Actually, although the formula has become more complicated over the years (Max would know it) and I think some relativistic elements have crept into it, the core of it has been an absolute measure of poverty. The original version, due to the late Mollie Orshanksy, was that it was three times the amount that the average person in an urban area would need to spend for a minimum food diet. That is why US Dept. of Agriculture employee Orshansky was approached to estimate it initially in 1965 after the LBJ War on Poverty stuff got passed, and I think it is still USDA's job to update it, although I could be wrong about that.

Jack said...

"I suspect the reality is a bit different." Ff73

You might suspect that, but you would be wrong to do so. Don't be misled by your small circle of friends or even the wider circle of people who live in you vicinity.
Take that walk on the other side of town. Tobacco Road isn't too far off and it is real for probably 20% of the population. That's an educated guess, but look at the Census Bureau's household income stats for 2009. Abyssmal for those on the low end of the scale. Then recognize that at present about 10% are unemployed, as in no in cominig income, and some greater percentage have given up looking for work, as in no income coming in. Figure out for youorself what it means to try living in the good ole USA on $20 Grand per annum. With a couple of kids $35,000 doesn't go too far either.

"President Clinton and later, Senator Barack Obama, claimed the reform to be a great success."
It was a very great success if you have a good job with secure income streams. Or, if your a political whore selling your allegiance to the One Percenters and looking for a good book deal and a cushy retirement position as a Pres of think tank of VP at Goldman, CitiBank, etc. Very successful for everyone, but the poor.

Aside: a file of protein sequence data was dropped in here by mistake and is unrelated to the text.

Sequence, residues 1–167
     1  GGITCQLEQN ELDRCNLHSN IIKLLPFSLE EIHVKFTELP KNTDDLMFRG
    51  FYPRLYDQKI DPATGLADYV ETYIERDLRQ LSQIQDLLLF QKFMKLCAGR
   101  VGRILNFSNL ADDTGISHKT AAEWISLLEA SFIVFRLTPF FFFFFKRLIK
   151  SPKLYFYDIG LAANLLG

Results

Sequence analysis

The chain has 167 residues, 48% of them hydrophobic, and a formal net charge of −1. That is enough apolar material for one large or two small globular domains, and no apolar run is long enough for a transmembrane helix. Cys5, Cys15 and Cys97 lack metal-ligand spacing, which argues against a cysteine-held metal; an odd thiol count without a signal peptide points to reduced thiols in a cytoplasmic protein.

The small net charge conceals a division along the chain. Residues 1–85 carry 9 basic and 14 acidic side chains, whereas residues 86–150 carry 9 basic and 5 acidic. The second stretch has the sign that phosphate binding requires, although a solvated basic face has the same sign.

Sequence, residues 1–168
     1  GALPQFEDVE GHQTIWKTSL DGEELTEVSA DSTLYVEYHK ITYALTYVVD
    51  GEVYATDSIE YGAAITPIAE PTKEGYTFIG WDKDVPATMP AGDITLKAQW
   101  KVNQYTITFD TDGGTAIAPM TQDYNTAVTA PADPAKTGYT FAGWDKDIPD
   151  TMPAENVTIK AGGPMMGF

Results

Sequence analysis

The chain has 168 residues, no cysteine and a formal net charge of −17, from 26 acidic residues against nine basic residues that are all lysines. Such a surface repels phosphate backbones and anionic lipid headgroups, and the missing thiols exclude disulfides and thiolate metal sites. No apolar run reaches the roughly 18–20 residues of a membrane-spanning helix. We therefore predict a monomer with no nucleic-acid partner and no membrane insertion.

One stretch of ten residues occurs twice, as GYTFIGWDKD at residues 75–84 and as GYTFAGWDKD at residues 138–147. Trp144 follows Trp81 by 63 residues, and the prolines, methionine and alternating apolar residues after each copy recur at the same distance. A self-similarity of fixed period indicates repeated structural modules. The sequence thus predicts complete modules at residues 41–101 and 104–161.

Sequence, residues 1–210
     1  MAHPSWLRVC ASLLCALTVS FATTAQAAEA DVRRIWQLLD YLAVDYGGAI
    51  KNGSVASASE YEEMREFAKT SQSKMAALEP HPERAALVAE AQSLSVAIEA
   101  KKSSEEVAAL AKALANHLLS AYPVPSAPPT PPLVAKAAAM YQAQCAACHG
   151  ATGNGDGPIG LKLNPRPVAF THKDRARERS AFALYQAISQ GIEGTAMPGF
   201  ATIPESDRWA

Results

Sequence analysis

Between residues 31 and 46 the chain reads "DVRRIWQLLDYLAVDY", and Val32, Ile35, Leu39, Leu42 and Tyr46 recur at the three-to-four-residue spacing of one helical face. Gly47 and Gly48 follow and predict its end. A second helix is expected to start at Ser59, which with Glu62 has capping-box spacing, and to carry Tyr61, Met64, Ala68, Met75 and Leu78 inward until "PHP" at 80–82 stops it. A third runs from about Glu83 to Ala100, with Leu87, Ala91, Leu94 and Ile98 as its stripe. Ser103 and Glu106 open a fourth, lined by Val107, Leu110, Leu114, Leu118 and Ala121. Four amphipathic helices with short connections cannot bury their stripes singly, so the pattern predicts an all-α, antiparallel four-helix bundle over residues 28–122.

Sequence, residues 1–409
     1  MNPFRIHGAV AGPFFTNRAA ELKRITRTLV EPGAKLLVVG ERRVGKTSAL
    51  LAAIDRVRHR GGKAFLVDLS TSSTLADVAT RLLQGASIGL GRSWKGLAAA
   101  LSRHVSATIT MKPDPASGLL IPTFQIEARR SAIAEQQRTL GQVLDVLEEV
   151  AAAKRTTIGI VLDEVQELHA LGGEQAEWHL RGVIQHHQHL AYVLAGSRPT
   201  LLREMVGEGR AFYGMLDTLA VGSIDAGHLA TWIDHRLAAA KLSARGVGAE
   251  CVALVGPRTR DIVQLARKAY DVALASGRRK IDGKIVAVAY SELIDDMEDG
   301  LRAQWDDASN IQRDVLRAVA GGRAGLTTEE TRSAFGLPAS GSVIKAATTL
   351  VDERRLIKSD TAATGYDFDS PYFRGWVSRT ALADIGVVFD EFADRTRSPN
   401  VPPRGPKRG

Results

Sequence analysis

fuzzyface73 said...

Thanks for making me check. The Census bureau does indeed use a fairly complex calculation, but the base is to start with the 33rd percentile of family-of-four expenditures on food, shelter, clothing, and utilities, and add 20% to the resultant amount in dollars. That means that the truth lies somewhere between our assertions. An increased divergence of wealth between the median families and those a bit below them will increase the poverty line to the extent that such families choose to spend more on nicer homes, clothing, and so on; luxury electronics expenditures on the other hand, should not affect it.

But as one commentator pointed out, increased unemployment is a major factor here. On the other hand, given the way the figure is computed, most people below the poverty should be able to feed their families. I know quite a few people whose income is around or a bit below $20,000; they make it by being careful with their money. Not a lifestyle I would choose, but still a far cry from what we have historically understood as "deep poverty."

rosserjb@jmu.edu said...

ff,

However, this deep poverty measure that is now at an all time high, or at least since 1975, is half the official poverty line, something a good deal more serious.